To portray the same agony, a modern sculptor would depict Laocoön wrapped in the coils of the tax man. There is no escape. HMRC does not do email. Letters go unanswered for months and one has to wait 45 minutes on the phone before being cut off. The harassed foot soldiers who deal with us are not to blame: their generals creating these labyrinthine coils are. In a May 2010 speech to the CBI, the Chancellor promised radical tax simplification, saying “The tax system has become hugely complex over the last thirteen years. Since 1997, the tax legislation handbook has more than doubled in length. It is now over 11,000 pages long.”
One can question whether the length of the handbook, or the size of annual Finance Acts, accurately depicts tax complexity but there is no question that both have grown hugely since the 1980s and the Chancellors are mostly to blame. Tolley’s Annual Tax Guide, at nearly 900 pages, has grown rather than shrunk under this Chancellor’s regime. Up to 1992, Finance Acts averaged below 200 pages. They then doubled in length. But rather than exercise any restraint, Osborne’s record is even worse: 668 pages in 2014. 2015 was curtailed for the election but he still produced 352 in March and a further 210 pages in July.
The Office for Tax Simplification was set up in 2010 and is now being made permanent. It has published over 30 reports and made 402 recommendations, starting with abolishing 43 tax reliefs – nice for the Treasury, not so nice for those losing out. But these are tinkering round the edges.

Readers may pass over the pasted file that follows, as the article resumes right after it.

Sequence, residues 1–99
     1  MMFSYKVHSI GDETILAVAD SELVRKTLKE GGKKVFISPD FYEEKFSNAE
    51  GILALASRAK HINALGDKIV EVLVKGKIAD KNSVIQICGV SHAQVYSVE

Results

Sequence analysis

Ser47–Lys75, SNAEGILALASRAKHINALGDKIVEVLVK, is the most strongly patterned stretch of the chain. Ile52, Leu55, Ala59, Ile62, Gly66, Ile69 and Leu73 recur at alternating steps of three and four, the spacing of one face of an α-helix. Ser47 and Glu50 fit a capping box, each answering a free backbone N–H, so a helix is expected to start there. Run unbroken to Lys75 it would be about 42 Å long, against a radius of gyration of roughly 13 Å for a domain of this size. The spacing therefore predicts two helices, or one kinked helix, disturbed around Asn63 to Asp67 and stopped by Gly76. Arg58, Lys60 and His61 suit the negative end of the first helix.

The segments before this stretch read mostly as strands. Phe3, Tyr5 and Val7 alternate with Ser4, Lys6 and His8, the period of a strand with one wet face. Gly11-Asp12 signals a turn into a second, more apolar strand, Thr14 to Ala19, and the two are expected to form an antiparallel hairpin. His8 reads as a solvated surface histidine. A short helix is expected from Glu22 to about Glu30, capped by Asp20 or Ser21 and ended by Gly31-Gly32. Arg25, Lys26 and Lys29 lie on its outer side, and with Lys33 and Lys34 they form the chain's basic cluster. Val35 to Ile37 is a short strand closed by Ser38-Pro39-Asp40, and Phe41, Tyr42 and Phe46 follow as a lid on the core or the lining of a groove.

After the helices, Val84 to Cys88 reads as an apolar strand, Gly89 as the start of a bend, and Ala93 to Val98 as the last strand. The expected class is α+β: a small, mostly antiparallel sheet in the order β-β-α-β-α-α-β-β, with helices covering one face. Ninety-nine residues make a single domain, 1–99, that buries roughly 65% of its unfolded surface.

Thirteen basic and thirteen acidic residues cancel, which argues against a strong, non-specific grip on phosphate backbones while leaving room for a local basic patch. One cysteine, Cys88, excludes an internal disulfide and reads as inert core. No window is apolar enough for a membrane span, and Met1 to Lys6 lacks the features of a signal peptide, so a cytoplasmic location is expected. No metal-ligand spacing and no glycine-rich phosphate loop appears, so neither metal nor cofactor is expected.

Rather like the government seeking to engage in more wars with fewer soldiers, the Chancellor has simultaneously cut personnel numbers in HMRC – hence the lousy taxpayer service.
To give, briefly, a worm’s eye view, the forms they sent were completed and returned in early August. Just before the 31st October cut-off, they were sent back on the grounds of being the wrong forms. No mention of what the right forms might be. Several hours of holding my phone next to my ear later, I was informed as to the correct forms. The file note on that had not been passed on.
Apparently, if the 31st October deadline was now missed, I would be fined as the original submission “did not count”. Not to worry: I would win my appeal but I had to be fined first in order to appeal.
The new forms, far more complex than the old, appear to have arisen from HMRC’s new but heavy-handed anti-anti-avoidance rituals. They have no sense of proportion: my few quid does not need pages and pages of questions. I can prove my income, where it came from and that one piece of paper would have all the information needed to compute my tax. The point of the 31st October deadline is that the computation is their job, not mine. If we were talking large sums, it might another matter.
The same civil service mentality applies money laundering legislation to this village church’s flower fund. Coils within coils.
Please, George Osborne, give us the radical tax simplification you promised.